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Qantas Founders Museum makes progress on Super Constellation shipment from Manila

written by australianaviation.com.au | December 5, 2014
A shot of the Super Constellation at Manila Airport before its wheels were replaced. (Qantas Founders Museum)
A shot of the Super Constellation at Manila Airport before its wheels were replaced. (Qantas Founders Museum)

Shipment of a Lockheed Super Constellation purchased by the Qantas Founders Museum back to Australia has moved a step closer after the aircraft was recently raised out of the ground and had its wheels replaced.

Qantas Founders Museum chief executive Tony Martin says the aircraft, which is similar to those flown by Qantas in the 1940s and 1950s, will soon be tugged over to a hardstand at Manila Airport for further work.

Martin says the aircraft is likely to be restored, painted and prepared for transport back to Australia in Manila, given the presence of large maintenance, repair and overhaul providers such as Lufthansa Technik at the airport.

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“It makes a lot of sense to have it done there and then ship it back to Australia,” Martin said on Friday.

“Lufthansa Technik is a huge outfit.”

Lufthansa Technik performs maintenance for several airlines at its Manila facility, including work on Qantas’s fleet of Airbus A380 aircraft.

The museum acquired the Super Constellation, which had been grounded for the past 25 years, at a recent auction of old aircraft organised by the Manila International Airport Authority.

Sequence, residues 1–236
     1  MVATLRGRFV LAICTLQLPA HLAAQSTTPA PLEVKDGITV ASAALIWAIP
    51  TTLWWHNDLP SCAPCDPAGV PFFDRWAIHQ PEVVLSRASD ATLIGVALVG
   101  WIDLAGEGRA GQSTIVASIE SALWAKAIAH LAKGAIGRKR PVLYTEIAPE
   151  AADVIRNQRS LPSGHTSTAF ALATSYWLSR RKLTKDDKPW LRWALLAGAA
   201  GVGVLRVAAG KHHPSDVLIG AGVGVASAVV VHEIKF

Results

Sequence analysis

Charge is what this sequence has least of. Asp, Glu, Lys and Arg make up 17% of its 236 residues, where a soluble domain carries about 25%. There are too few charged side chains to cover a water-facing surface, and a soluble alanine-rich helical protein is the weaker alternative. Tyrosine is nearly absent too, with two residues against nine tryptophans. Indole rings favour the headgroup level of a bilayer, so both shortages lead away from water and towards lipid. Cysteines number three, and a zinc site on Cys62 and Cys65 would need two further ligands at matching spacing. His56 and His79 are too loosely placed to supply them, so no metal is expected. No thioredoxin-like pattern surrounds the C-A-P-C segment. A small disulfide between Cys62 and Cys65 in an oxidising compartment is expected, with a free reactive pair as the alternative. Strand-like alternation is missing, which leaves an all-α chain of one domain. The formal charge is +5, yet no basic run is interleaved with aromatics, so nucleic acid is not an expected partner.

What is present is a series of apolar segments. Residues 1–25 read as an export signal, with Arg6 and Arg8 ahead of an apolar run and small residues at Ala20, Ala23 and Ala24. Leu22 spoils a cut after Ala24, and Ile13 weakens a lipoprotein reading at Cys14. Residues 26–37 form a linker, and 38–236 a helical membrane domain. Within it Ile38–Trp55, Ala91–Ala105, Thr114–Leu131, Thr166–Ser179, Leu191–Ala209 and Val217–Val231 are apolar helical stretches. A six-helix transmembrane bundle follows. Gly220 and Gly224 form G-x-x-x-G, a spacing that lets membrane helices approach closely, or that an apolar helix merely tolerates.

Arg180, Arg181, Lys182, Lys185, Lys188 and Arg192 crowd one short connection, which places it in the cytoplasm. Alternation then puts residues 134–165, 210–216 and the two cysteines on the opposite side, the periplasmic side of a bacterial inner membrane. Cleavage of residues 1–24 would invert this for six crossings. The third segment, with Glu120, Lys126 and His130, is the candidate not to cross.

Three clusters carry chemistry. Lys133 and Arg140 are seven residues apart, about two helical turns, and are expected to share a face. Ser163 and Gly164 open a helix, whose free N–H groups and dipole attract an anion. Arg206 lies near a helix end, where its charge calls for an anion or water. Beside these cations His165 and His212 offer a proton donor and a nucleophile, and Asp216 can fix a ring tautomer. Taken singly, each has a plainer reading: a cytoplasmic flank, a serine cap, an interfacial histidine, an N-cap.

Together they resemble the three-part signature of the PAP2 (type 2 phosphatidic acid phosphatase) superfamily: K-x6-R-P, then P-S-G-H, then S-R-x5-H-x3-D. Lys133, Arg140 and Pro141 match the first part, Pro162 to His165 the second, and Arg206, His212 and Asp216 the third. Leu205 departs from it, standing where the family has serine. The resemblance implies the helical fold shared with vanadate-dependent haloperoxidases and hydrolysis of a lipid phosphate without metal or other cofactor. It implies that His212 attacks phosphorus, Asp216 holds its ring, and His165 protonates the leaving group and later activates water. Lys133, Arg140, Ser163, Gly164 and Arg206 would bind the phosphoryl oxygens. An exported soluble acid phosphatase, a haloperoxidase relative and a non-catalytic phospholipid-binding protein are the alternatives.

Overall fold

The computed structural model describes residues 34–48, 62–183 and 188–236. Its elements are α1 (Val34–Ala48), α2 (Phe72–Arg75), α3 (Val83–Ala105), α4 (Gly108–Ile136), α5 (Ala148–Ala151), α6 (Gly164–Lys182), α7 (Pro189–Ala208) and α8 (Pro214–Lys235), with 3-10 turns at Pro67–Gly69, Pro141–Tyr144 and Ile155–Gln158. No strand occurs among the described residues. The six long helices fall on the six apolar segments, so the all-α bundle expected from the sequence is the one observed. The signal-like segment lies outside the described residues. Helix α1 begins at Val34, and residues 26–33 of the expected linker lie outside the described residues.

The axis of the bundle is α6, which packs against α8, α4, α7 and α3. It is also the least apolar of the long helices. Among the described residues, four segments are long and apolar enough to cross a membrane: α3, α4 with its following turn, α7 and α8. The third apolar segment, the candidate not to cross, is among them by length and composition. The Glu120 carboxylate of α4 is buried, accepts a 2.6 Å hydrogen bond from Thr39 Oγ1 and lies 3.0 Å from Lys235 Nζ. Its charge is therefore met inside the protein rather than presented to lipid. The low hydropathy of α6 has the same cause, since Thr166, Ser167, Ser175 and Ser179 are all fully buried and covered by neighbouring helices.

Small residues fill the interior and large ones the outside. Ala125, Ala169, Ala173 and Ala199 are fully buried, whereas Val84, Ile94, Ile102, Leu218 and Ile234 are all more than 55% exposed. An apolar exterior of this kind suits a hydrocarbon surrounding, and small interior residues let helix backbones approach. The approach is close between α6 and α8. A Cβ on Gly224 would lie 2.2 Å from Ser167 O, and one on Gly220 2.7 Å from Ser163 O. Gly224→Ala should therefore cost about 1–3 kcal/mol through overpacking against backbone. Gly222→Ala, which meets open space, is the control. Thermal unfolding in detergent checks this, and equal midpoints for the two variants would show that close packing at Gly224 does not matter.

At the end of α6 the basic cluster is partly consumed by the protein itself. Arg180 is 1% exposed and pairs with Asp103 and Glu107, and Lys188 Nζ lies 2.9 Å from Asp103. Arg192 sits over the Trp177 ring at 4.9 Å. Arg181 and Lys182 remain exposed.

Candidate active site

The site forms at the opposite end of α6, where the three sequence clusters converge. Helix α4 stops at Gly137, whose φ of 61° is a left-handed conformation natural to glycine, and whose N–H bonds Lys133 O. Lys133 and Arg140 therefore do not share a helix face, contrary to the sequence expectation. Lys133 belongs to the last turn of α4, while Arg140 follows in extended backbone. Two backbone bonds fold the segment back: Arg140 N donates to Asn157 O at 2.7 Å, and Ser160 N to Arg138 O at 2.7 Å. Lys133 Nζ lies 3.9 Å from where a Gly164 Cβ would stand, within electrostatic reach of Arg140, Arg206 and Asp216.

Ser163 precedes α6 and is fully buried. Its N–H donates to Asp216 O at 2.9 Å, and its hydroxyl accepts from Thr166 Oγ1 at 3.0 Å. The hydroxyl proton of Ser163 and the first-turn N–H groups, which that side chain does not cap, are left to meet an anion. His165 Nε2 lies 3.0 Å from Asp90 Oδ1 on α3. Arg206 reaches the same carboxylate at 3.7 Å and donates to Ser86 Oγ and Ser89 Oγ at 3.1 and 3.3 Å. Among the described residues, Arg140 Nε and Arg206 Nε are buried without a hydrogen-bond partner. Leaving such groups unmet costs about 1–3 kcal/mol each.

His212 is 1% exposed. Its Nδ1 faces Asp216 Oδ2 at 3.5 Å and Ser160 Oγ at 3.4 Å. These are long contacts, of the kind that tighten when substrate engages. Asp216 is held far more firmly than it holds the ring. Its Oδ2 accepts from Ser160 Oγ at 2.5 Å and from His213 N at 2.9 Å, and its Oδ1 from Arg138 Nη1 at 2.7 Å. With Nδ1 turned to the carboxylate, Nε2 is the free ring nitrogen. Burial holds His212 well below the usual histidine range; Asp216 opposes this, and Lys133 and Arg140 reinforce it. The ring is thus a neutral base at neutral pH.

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Previously used by World Fish and Agriculture Inc to transport fish cargo, the aircraft is not airworthy and will be transported first by ship then onwards to the museum’s location at Longreach, Queensland, by road.

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4 Comments

  • Damian

    says:

    Given its most recent operator and role I wonder if it’s a bit stinky on the inside!

  • P eter Herbert

    says:

    Soon get rid of any smell and it will be great to see another Connie in Aust.

  • ESLowe

    says:

    It’s good that these aircraft are preserved because they’re past of aviation history.

    This aeroplane seems to have run the gauntlet of: useful machine to useless junk to important artifact.

    Too bad she can’t fly, but maybe they can fix her so that the engines can rev on the ground to give visitors a sight and sound experience.

  • Hop Harrigan

    says:

    It is obvious that it should be named; “Sir Hudson Fysh”!

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